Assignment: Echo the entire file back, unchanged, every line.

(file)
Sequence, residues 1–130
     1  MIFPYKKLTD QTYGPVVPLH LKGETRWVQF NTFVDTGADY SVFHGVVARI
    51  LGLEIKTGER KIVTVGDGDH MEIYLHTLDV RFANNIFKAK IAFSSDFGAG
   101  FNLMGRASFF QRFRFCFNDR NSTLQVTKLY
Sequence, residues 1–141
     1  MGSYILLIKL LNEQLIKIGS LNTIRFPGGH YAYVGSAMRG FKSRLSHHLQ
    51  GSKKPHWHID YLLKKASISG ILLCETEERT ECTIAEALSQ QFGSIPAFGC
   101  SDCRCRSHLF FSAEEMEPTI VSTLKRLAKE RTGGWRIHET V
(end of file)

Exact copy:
Sequence, residues 1–130
     1  MIFPYKKLTD QTYGPVVPLH LKGETRWVQF NTFVDTGADY SVFHGVVARI
    51  LGLEIKTGER KIVTVGDGDH MEIYLHTLDV RFANNIFKAK IAFSSDFGAG
   101  FNLMGRASFF QRFRFCFNDR NSTLQVTKLY
Sequence, residues 1–141
     1  MGSYILLIKL LNEQLIKIGS LNTIRFPGGH YAYVGSAMRG FKSRLSHHLQ
    51  GSKKPHWHID YLLKKASISG ILLCETEERT ECTIAEALSQ QFGSIPAFGC
   101  SDCRCRSHLF FSAEEMEPTI VSTLKRLAKE RTGGWRIHET V